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Modern Minoan Paganism: Ecstatic upraised arms

Posted by on in Paths Blogs

Strike a pose! Ecstatic postures have been a part of human religious practice for millennia, possibly going back as far as the Paleolithic. I've explored ecstatic postures and their place in Modern Minoan Paganism before. They're a kind of spiritual "tech" - like yoga and tai chi, ecstatic postures make energy move via the mechanism of holding the body in particular ways. We find examples of these postures in the form of votive figurines from Minoan sacred sites such as cave shrines and peak sanctuaries. The best-known of these postures is probably the famed Minoan salute.

Most ecstatic postures appear to have been used by spiritworkers and worshipers to journey to specific places in the Otherworld or to connect with particular deities or spirits. In that sense, the usual museum label of "worshiper figurine" is accurate.

But not all ecstatic postures were used by worshipers or spiritworkers to connect with the divine. Some were used by clergy for what amounts to trance possession. The upraised-arms pose is an example of that type of ecstatic posture.

You may already be familiar with the Poppy Goddess figurine at the top of this post. She's an example of a "bell jar" or "pot-skirted" figurine, so called because the lower half of the figurine was thrown on a potter's wheel just like any other kind of jar or pot, while the upper half was hand-sculpted. Most (though not all) of the figurines of this type have their arms raised up in one way or another. The Poppy Goddess has her hands raised to the side, palms facing forward. But there are multiple variants of this pose, as you can see here:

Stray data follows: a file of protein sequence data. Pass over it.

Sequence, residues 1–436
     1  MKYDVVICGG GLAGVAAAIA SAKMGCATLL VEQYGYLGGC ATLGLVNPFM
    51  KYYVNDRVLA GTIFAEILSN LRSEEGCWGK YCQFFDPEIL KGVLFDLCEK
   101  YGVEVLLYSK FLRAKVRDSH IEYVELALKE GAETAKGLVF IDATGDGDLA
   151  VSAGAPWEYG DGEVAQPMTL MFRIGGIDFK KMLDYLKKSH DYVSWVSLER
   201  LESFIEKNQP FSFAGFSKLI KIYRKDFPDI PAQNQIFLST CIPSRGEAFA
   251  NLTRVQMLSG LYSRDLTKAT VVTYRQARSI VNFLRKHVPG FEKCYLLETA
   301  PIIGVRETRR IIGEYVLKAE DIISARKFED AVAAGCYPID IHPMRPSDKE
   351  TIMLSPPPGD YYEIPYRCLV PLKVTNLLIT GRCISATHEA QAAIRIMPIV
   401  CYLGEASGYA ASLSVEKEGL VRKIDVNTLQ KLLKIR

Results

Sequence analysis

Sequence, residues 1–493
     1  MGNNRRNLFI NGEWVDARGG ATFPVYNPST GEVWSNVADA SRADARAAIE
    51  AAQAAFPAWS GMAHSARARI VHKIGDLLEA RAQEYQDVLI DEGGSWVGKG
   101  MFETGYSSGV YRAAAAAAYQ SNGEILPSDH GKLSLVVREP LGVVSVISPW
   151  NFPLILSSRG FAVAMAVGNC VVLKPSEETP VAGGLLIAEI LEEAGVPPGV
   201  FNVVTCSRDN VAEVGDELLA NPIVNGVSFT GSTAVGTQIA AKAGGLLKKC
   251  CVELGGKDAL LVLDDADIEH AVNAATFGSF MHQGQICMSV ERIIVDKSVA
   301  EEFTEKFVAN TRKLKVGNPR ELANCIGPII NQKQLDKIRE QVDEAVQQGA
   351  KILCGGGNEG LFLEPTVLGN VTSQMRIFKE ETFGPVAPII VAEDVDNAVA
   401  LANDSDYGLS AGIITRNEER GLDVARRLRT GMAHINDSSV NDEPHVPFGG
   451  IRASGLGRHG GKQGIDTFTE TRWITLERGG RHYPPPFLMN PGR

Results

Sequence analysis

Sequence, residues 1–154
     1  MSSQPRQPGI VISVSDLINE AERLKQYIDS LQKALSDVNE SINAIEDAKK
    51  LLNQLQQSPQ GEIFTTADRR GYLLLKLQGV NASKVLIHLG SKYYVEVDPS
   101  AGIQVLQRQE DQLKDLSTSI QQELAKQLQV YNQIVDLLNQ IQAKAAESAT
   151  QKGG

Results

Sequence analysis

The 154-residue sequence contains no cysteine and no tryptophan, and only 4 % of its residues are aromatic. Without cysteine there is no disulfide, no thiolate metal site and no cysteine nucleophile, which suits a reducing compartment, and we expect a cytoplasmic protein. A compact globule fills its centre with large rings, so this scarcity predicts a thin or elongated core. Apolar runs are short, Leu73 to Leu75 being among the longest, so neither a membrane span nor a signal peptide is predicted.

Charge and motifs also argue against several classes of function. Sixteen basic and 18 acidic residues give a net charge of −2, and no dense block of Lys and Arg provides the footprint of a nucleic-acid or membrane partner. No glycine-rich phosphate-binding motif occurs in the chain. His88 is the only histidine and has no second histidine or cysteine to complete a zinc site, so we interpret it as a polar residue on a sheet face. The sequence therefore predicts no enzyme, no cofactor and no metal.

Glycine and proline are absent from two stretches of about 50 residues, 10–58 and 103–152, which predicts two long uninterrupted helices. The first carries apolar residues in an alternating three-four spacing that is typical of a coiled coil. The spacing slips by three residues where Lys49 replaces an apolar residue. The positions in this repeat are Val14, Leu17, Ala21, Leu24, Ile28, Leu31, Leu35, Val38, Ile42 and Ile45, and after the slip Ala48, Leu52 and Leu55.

Goddess figurines Heraklion Archaeological Museum

(Image: Wikipedia CC BY 3.0)

The palms can face front or inward; there's one example with the right hand facing forward and the left hand facing inward. The arms can reach forward rather than being held out to the sides. Each of these variants creates a slightly different effect, but they're all used the same way.

These are poses that draw a goddess down into a priestess.

I've used a few of these poses in ritual, and they work well for smooth, easy trance possession. It feels like I'm slipping on a favorite garment when the goddess comes down onto me. This would be a good way to start with trance possession if you're inexperienced and want a method that will give you some control over the process. The arms-out-front variation provides a little separation between me and the deity, while the arms-to-the-sides pose is a more direct drawing down. The distinction between the directions the palms are facing is more difficult to articulate, more subtle, but there is a difference.

Some ecstatic postures appear to be gendered in one way or another; this is one of those. This one doesn't seem to work for men drawing down a god, but that makes sense given that all the figurines depict goddesses. (We're working on some poses for men to draw down gods - that may be a guest blog post at some point.) I suspect this pose would also work for non-binary/genderqueer people to draw down a goddess. And in case you're wondering about my definitions, trans women = women and trans men = men.

If you give this one a try, please let me know how it goes. Exploring these postures is a fascinating journey that connects us with the people of the past. Good stuff.

In the name of the bee,

And of the butterfly,

And of the breeze, amen.

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I'm an artist, writer, and lover of all things ancient and mysterious. The Minoans of Bronze Age Crete have been a passion of mine since a fateful art history class introduced me to the frescoes of Knossos back in high school. My first book was published in 2001; one of my most recent works is Labrys and Horns: An Introduction to Modern Minoan Paganism. I've also created a Minoan Tarot deck and a Minoan coloring book. When I'm not busy drawing and writing, you can find me in the garden or giving living history demonstrations at local historic sites.

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